wiz1der

DBX 120
« on: October 18, 2007, 01:20:58 PM »
Had a search, but wondering if anyone has attempted this:

dee bee ecks 120

I know it can be done,  depending on interest, or maybe it would be better  to just hunt one down from a jamaican sound system??

I think i need one of these in my life....


SonsOfThunder

DBX 120
« Reply #1 on: October 18, 2007, 04:22:26 PM »
They can be bought used pretty cheeply.  Peavey makes a similar piece, the Kosmos.  Or Audio Control EpiCenter.

They all work basically the same I think.

BPF -> Square Wave Conversion -> Divide by 2 -> Integrate back to Sine -> Mix w/ original full range signal or Low passed signal.

The BPF is something like 80 to 200Hz.

HTH!
Charlie
"The sow would rather have her ear than a purse." - PRR

clintrubber

DBX 120
« Reply #2 on: October 19, 2007, 07:22:53 AM »
Hmm, looks interesting - but haven't had hands on boxes like this...
do boxes like this sound 'real' (...) as in fuller + fatter - or more like octaver-pedals ? (more of an FX)

Despite using just little amounts of it I never could use octavers for adding some whoomph under a signal; it immediately made the 'oops, there's an octaver in the house'-bell ring.  

So am curious to the result of 120-ish boxes; as it seems the circuit-principle of that 120XP is not unlike say the Boss OC-2.

I saw there are a lot of 120-somethings, saw various 'which-120 is the best' discussions around (fwiw, among others followed by recommendations for other brands as well)

Regards,

  Peter


BTW, http://www.pat2pdf.org/patents/pat4182930.pdf

gyraf

DBX 120
« Reply #3 on: October 19, 2007, 07:45:18 AM »
Could we rename this thread into something readable?

See:

http://www.groupdiy.com/index.php?topic=19276

Jakob E.
..note to self: don't let Harman run your company..

jensenmann

DBX 120
« Reply #4 on: October 19, 2007, 08:03:50 AM »
I used it a lot for livesound.....well, reggae of course. It gave me always the fatter sound than all the other mixers at festivals had. Care has to be taken for indoor use because it attacks roommodes heavily.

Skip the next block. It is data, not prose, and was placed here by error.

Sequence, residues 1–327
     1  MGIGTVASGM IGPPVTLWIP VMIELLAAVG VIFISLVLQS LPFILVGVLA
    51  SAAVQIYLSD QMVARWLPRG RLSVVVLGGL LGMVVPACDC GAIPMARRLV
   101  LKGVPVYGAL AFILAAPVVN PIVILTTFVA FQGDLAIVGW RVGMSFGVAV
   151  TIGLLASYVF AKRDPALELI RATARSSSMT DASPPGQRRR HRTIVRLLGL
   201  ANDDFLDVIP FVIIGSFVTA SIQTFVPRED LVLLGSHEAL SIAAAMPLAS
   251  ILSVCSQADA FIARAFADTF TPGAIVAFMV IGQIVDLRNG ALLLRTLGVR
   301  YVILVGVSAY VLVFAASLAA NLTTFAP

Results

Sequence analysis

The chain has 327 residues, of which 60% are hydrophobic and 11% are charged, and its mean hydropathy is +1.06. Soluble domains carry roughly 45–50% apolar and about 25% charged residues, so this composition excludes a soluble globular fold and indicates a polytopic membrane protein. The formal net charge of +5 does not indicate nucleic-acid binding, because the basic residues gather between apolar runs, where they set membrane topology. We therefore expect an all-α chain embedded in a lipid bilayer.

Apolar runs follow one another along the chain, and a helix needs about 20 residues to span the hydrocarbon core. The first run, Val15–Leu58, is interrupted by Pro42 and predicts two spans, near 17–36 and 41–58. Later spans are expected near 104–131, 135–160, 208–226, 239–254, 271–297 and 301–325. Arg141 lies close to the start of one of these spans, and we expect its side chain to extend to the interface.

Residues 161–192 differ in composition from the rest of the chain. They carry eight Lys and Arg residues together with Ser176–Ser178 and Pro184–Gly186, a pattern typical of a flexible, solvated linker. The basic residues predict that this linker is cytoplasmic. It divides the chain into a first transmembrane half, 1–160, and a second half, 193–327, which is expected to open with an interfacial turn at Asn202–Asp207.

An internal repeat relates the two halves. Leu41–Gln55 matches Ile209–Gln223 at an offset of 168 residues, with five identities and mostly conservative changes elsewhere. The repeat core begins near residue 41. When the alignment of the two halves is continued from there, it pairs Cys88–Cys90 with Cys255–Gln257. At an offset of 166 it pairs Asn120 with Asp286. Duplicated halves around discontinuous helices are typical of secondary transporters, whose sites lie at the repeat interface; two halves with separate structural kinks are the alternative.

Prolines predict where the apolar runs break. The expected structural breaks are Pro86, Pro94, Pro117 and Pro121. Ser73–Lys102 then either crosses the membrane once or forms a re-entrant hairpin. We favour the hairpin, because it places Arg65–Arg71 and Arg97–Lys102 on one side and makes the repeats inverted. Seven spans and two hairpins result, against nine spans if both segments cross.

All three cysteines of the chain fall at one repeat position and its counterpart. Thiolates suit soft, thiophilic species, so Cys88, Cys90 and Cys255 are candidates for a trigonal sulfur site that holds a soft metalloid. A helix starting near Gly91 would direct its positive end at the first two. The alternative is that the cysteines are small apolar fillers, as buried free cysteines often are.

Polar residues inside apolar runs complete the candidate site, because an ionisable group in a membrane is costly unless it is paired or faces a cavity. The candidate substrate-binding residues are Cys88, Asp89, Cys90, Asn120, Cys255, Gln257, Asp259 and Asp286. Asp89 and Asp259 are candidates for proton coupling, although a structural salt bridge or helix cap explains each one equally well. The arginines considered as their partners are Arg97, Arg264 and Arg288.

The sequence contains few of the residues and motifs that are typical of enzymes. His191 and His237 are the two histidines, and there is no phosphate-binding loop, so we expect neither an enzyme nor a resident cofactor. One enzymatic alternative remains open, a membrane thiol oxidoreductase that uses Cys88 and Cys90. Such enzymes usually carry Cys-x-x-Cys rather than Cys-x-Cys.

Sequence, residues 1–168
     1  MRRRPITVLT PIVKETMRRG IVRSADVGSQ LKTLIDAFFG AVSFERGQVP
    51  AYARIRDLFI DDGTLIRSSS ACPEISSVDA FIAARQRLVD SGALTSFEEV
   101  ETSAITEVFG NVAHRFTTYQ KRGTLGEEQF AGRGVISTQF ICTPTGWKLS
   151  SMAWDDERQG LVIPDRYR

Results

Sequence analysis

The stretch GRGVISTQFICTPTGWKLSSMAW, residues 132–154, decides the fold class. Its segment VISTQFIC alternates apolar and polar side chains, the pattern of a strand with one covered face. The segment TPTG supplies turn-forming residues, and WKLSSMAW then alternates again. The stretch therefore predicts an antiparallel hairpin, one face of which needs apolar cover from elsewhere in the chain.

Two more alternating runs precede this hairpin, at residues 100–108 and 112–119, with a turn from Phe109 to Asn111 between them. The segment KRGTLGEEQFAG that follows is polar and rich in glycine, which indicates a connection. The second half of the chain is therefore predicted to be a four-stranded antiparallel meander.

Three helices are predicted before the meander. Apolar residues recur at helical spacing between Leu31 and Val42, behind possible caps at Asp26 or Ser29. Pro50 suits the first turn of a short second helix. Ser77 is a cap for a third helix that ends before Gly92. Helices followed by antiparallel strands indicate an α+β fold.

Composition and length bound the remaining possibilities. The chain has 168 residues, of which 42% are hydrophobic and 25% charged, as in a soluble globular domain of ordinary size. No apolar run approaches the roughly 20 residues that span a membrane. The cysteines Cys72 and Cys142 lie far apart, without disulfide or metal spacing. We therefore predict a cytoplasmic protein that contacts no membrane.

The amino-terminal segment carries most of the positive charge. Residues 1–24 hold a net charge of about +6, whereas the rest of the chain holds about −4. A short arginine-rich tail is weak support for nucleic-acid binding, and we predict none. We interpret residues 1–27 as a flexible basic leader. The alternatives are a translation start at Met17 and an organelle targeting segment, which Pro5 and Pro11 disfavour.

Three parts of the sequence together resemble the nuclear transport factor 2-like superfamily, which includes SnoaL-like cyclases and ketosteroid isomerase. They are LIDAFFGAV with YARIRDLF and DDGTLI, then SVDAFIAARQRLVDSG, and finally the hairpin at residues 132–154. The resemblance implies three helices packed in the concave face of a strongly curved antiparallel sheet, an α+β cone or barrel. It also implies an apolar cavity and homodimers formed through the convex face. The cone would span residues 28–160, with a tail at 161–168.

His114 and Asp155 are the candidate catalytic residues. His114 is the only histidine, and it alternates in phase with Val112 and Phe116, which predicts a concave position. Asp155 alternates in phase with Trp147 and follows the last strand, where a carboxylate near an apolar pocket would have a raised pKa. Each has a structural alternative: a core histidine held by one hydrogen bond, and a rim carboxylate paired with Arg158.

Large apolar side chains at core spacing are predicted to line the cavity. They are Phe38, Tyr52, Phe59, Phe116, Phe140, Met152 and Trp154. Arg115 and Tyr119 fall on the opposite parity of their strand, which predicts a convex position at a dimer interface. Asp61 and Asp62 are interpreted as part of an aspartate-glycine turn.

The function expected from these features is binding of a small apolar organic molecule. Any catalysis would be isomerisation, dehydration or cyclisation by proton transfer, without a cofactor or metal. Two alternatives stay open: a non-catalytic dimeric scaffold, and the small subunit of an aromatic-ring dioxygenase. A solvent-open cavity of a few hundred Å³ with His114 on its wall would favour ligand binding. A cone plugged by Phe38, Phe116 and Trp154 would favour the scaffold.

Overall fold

For studio use it only makes sense if your main monitors go down to 20 Hz. Otherwise you can´t judge what you are doing. And this box goes all the way down, hehehe :grin:
Jens
Quote from: PRR
The tubes of course don't care what frequency they distort

clintrubber

DBX 120
« Reply #5 on: October 19, 2007, 08:23:44 AM »
Quote from: "jensenmann"
I used it a lot for livesound.....well, reggae of course. It gave me always the fatter sound than all the other mixers at festivals had.

And just curious, how about that box/schematic as above
for electric bass ? (in 'real time')

Bye,

  Peter

jensenmann

DBX 120
« Reply #6 on: October 19, 2007, 10:26:11 AM »
Electric bass was what I´ve been using it for. To seperate kickdrum and bass  I fattened the bassdrum in the 100Hz area with EQ while pushing bassguitar way lower with the 120XP. There were some bassguitars which didn´t work good with the 120. I remember a Warwick bass where the boombox always added the fifth, not the octave. That was pretty disturbing
Jens
Quote from: PRR
The tubes of course don't care what frequency they distort

clintrubber

DBX 120
« Reply #7 on: October 19, 2007, 10:31:42 AM »
Quote from: "jensenmann"
Electric bass was what I´ve been using it for. To seperate kickdrum and bass  I fattened the bassdrum in the 100Hz area with EQ while pushing bassguitar way lower with the 120XP. There were some bassguitars which didn´t work good with the 120. I remember a Warwick bass where the boombox always added the fifth, not the octave. That was pretty disturbing

Good to hear it could be of use for elec bass  :thumb:
Did you notice any 'octaver-FX taste' in the sound or was it like it could have been as deep ? (so without a processed- feel)

No worries w.r.t. the brand, no Warwicks here  :wink:
Was that a low-B bass perhaps ? Just passive 4-stringers here.

Regards,

  Peter

solder_city

DBX 120
« Reply #8 on: October 19, 2007, 10:41:29 AM »
is it useful?

ask any dj who was working during the vinyl era!

hell yeah, its useful!

jensenmann

DBX 120
« Reply #9 on: October 19, 2007, 10:44:09 AM »
Yes it was a low B bass but that wasn´t the reason. Other low B basses had no problems.
If not overused the 120 sounds natural, no Moog-overdubbed sound at all. I met two older (than me) engineers who told me that the dbx500 sounds better than the 120 but I never had the chance to check it since they are pretty rare.
If you´re seriously interested in checking the 120 out drop me a pm, I could send you mine for a few weeks.
Jens
Quote from: PRR